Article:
Jewish king of Yemen, ruling from 515-525 A.D. Yemen was known as Himayar during this period. According to Arab historians, Dhu Nuwas was given this name on account of his curly hair.

Arab history writers tell us that Dhu Nuwas was not a Jew by birth, but embraced Judaism after taking the throne, using the name of Yusuf Dhu Nuwas. Having killed corrupt king Khani'ah Yanuf Dhu Shanatir, Dhu Nuwas spread Judaism in Yemen.

Dhu Nuwas zeal brought his downfall. Offended by Byzantine Emperors maltreatment of Jews, he put Christian merchants passing through Himayar to death. This act harmed trade between Yemen and Europe and ignited a war with heathen king Aidug because his commercial interests were damaged. Dhu Nuwas was defeated in 521.

The kingdom was reestablished and Dhu Nuwas was in a new war against the Christian city of Najran (Presently in Saudi Arabia), Najran was a great dependency for his kingdom. On Najran's surrender, he would offer protection from punishment on the condition of embracing Judaism or punishment to death. When the inhabitants refused to renounce their faith, he executed Harith ibn Kaleb, their chief, and 340 selected men.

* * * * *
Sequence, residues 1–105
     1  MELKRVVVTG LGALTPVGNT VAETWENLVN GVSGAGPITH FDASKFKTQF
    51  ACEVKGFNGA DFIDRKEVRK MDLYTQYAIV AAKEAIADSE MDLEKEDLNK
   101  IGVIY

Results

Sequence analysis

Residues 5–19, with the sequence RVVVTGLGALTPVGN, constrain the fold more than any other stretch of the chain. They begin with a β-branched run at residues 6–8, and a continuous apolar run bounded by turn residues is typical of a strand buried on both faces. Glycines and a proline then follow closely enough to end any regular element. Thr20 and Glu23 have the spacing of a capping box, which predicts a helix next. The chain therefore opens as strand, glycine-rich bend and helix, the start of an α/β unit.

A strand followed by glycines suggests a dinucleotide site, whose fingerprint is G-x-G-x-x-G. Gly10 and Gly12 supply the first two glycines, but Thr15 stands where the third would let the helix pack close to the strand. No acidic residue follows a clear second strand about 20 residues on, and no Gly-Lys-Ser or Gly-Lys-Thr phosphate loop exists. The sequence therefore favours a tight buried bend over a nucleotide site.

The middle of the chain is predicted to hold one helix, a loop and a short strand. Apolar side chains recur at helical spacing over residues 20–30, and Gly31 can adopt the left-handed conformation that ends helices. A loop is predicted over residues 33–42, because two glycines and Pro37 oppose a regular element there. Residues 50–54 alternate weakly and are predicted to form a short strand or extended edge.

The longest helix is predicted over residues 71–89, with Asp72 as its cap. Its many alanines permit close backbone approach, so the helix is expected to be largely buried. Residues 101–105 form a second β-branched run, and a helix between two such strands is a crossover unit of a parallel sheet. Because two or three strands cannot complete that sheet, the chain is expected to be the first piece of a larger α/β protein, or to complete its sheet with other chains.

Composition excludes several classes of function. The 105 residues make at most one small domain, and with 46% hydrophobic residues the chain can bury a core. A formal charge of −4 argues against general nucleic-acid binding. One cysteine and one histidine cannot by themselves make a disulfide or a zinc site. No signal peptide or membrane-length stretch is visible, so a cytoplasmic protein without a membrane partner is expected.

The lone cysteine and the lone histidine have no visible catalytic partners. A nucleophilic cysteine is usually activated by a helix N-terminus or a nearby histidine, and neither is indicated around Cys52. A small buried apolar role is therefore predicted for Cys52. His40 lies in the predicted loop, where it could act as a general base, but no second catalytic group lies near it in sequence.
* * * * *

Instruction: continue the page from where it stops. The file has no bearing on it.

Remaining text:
Versions differ on the date of the massacre, but one source claims it to be November 25, 523. The Quran states in Surah 80: "Cursed be the diggers of the trench, who lighted the consuming fire and sat around it to watch the faithful being put to the torture!". Some people link the event to this verse, but it is inconclusive among commentators.

The event at Najran provoked Christians. Justin I, Roman Emperor, appealed to Negus Eletbaa of Ethiopia to war against the Jewish king. Following this request, an ethopian army was dispatched by crossing the Red Sea. Dhu Nuwas unsuccessfully prevented its landing. The engagement defeated Dhu Nuwas. His city Zafora, his queen and treasures fell into the enemy. Prefering death to capture, Dhu Nuwas rode to the sea and drowned him self in suicide.


1: (Ibn Khaldun, Prolegomena).

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